Overall, diabetic participants had a moderate QoL in all three domains (physical functioning, social functioning, and work functioning). Patients with diabetes had significantly higher scores in social domains of QoL compared with physical functioning and work functioning (76.9 vs. 70.6 vs. 68.9, p ≤ 0.005). The biggest influence was on work domains (68.9, p = 0.000) followed with physical domains (70.5, p < 0.005) and social domain (76.8, p ≤ 0.005). Most of the patients had poor quality of work, which had a significant correlation with physical quality (0.836) and a lower correlation with social quality (0.643) (Tables 2 and 3).

We assessed the effect of gender of patients with diabetes on their QoL, resulting in that gender had a significant effect on the physical QoL where males had a significantly better or superior physical functioning QoL compared to females (74.23 vs. 66.6, p = 0.037). In other aspects of QoL, such as body pain, VT, social functioning, role emotional, and mental health, no statistically significant differences between the compared groups based on gender in areas of functioning were found. Therefore, gender had no significant effect on the QoL for patients with diabetics except for the physical QoL, where men had a better QoL (Table 4).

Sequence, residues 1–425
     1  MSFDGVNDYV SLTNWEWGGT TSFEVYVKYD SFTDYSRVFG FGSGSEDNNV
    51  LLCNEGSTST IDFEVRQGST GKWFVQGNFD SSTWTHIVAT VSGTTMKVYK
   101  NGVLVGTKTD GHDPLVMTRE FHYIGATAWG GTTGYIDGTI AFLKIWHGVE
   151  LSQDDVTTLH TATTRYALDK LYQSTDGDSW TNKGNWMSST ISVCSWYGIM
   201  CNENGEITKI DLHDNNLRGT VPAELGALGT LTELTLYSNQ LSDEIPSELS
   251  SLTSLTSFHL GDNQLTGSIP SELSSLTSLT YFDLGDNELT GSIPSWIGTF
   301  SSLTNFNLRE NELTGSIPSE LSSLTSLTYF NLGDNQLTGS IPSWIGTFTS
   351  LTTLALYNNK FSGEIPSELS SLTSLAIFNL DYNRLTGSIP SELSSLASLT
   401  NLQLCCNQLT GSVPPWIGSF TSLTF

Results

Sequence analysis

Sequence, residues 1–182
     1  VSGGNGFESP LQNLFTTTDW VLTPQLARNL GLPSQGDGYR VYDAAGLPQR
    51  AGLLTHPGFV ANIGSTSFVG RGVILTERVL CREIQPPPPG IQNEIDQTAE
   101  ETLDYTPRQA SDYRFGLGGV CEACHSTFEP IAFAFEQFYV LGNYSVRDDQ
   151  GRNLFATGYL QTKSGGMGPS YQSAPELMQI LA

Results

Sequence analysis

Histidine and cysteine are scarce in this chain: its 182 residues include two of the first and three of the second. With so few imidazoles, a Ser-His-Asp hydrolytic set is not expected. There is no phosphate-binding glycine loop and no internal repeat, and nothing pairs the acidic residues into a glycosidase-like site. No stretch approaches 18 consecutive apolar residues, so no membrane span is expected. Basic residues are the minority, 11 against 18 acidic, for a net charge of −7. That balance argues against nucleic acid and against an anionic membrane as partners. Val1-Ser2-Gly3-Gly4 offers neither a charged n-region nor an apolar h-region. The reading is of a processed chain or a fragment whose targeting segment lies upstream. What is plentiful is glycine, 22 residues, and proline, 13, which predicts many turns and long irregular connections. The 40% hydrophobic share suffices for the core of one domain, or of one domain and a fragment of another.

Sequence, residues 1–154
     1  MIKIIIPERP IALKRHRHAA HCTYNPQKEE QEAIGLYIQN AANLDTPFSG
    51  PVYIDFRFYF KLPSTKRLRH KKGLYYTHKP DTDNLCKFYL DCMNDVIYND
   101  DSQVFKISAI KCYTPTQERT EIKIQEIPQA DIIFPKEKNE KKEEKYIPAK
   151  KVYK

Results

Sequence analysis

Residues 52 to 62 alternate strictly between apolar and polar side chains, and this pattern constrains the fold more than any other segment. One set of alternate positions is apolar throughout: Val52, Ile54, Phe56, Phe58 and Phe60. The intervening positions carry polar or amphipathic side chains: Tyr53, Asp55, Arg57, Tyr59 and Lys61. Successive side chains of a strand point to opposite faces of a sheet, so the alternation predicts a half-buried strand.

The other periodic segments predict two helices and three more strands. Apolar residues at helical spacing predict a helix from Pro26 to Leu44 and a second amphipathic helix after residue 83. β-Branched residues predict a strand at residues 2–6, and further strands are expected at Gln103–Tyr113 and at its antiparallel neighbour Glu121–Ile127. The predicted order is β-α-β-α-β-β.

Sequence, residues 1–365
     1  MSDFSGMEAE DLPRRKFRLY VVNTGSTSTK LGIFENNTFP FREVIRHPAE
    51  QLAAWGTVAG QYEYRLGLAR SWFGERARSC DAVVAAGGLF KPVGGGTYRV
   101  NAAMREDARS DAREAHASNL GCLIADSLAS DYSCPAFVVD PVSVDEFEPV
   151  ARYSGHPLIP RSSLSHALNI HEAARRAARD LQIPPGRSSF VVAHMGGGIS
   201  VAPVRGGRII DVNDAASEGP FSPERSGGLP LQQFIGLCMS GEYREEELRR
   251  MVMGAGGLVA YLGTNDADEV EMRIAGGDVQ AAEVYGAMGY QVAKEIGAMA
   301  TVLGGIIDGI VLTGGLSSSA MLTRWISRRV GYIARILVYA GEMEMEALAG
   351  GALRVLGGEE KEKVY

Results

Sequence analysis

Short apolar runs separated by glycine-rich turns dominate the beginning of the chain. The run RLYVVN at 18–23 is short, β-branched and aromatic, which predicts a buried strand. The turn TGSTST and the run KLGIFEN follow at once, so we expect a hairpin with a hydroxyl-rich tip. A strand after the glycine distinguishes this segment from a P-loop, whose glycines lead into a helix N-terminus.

Both genders had near scores in physical total score (men = 71.1 ± 19.7, women = 69.9 ± 23.1), in social score (men = 76.9 ± 23.1, women = 76.9 ± 21.7), work score (men = 68.6 ± 29.3, women = 69.1 ± 26.3), mental score (men = 65.8 ± 23.5, women = 65.9 ± 21.1), and in total score (men = 67.4 ± 17.6, women = 65.6 ± 15.7). In summary, areas of physical, social domains, work, and mental functioning, no statistically significant differences were found between the groups according to gender (Table 5).

We assessed the effect of the education level of diabetic patients on their scores of QoL in different aspects. In considering physical functioning, patients with master’s degree had higher mean of the score (79.6 ± 15.7) followed by patients with a bachelor’s degree (73.2 ± 24.5) and lowest score was for patients with high school (64.3 ± 22.4); however, no significant relationship between education level and physical functioning was found (p = 0.296). In the aspect of role physical, patients with master’s degrees remain to have the highest score (91.67 ± 28.9) while patients with Ph.D. had the lowest score (60 ± 54.7) with no significant relationship between the education level of patients and role physical. The same results were remaining to appear in all other aspects; in summary, no statistically significant differences in QoL between the compared groups with the level of education in any of the areas of functioning were found.